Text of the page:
If there are times of the week and year that call for special attention, as we’d said about Shabbos and the Holy Days, there are also certain items and individuals that deserve that too. And so the pious would pay special homage to our holy books and to those who study them.
In fact, we’re all charged with having respect for our holy works. For while it is their content that makes them sacred, the actual books embodying those words need to be tended to as well — just as much as one is expected to care for his or her body because it encases our holy souls.
But while none of us would show actual disrespect for our books, the pious would always be sure to place them in perfectly clean and appropriate places.. And they’d only study them when they themselves were freshly tended-to and clean.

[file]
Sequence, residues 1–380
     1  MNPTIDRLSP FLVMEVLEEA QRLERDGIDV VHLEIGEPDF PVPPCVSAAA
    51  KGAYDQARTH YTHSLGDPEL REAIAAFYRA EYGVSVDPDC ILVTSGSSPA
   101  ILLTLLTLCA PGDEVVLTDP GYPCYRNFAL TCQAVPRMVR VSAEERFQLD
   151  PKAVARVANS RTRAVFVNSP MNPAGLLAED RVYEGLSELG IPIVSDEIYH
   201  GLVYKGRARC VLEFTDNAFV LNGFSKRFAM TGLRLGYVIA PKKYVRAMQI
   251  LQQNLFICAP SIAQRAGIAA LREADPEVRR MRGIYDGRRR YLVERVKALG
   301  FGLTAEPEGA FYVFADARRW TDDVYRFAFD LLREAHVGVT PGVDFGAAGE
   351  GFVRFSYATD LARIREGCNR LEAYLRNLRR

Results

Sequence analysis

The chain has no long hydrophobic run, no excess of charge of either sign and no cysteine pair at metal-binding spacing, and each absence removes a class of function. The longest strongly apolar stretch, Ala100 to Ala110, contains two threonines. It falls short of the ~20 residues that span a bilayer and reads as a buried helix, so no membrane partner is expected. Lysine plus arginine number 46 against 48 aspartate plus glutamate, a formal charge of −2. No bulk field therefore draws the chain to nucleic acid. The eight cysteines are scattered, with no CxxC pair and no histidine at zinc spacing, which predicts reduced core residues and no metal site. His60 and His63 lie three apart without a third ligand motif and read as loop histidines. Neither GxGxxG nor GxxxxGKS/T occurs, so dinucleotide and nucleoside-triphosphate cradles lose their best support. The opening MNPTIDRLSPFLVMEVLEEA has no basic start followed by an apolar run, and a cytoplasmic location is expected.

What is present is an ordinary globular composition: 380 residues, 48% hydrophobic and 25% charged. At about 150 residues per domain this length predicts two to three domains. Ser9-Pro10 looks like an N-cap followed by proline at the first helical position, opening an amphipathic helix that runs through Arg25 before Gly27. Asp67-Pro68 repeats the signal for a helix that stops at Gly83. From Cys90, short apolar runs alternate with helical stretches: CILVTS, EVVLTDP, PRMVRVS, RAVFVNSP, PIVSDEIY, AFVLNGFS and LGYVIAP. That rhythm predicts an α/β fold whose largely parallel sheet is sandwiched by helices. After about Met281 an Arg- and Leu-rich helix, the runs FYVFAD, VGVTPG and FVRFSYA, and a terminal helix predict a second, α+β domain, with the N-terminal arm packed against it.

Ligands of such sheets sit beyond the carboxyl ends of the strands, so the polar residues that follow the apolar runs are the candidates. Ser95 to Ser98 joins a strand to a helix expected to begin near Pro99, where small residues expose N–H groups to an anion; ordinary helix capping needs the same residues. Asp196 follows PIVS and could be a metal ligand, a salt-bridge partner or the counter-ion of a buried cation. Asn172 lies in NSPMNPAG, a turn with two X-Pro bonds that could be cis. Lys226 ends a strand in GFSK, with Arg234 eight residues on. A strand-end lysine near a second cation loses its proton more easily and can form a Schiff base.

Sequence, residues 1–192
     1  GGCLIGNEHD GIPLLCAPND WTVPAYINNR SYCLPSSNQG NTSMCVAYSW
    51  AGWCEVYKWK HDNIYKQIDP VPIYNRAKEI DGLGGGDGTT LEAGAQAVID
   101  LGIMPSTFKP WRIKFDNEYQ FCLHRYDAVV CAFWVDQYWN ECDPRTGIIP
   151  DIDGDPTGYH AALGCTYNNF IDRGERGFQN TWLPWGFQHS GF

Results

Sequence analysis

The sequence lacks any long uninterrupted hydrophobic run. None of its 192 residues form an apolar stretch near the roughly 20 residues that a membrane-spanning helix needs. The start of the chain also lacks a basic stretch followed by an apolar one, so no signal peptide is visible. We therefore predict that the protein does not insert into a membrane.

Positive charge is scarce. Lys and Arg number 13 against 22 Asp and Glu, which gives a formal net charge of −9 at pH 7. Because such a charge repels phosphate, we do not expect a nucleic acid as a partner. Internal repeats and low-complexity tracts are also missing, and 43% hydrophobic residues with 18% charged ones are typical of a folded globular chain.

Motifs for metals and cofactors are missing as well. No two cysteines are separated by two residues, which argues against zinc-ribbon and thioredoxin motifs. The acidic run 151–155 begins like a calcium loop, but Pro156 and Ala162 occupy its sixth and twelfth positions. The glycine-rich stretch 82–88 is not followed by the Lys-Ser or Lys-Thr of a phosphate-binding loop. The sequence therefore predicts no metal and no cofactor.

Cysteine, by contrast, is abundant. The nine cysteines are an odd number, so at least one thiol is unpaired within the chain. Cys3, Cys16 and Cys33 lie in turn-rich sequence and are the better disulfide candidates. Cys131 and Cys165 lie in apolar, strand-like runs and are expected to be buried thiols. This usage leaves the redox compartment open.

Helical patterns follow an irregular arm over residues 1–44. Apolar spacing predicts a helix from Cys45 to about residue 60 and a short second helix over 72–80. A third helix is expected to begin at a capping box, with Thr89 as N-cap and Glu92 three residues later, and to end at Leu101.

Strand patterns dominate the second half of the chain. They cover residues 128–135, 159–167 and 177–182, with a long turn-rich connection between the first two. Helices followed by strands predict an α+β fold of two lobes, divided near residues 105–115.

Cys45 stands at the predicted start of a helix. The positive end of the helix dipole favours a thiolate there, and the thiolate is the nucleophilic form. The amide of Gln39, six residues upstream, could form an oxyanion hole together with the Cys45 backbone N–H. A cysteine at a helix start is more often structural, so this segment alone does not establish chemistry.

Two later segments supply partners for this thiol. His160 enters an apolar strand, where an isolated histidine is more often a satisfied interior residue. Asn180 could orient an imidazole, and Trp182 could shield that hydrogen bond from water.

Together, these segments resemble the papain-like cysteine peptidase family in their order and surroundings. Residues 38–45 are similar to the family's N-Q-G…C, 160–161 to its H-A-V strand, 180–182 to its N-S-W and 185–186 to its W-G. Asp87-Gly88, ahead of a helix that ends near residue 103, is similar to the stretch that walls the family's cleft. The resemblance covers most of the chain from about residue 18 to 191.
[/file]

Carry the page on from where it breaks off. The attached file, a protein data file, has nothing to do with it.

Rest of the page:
We’re all likewise expected to honor those who study Torah. As it’s said, “Rise up before a grey-haired person and honor the face of an elder” (Leviticus 19:32). But the pious would pay special homage to them. We’re taught that whenever Jehosephat, king of Judah, would see a Torah scholar “he’d rise up from his throne, hug and kiss him, and call out to him ‘My Rabbi, my Rabbi; my teacher, my teacher!’ (Ketubot 103b).
And we’re told that Rabbi Zaira would make a special point of “seating himself at the doorway to the study-hall, when he would be fatigued from his own studies, and engage in the mitzvah of rising before a Torah scholar” (Eruvin 28a).
We’re also to treat our synagogues with respect, and to “do nothing within them we wouldn’t do in a king’s palace” as Ramchal puts it.
The point of the matter is that the pious expanded upon all of this, and to the best of their abilities — all in order “to give honor to the name of G-d”. And that brings us to the next subject of piety, the love of G-d. It’s one of the areas in which the pious most especially stand out.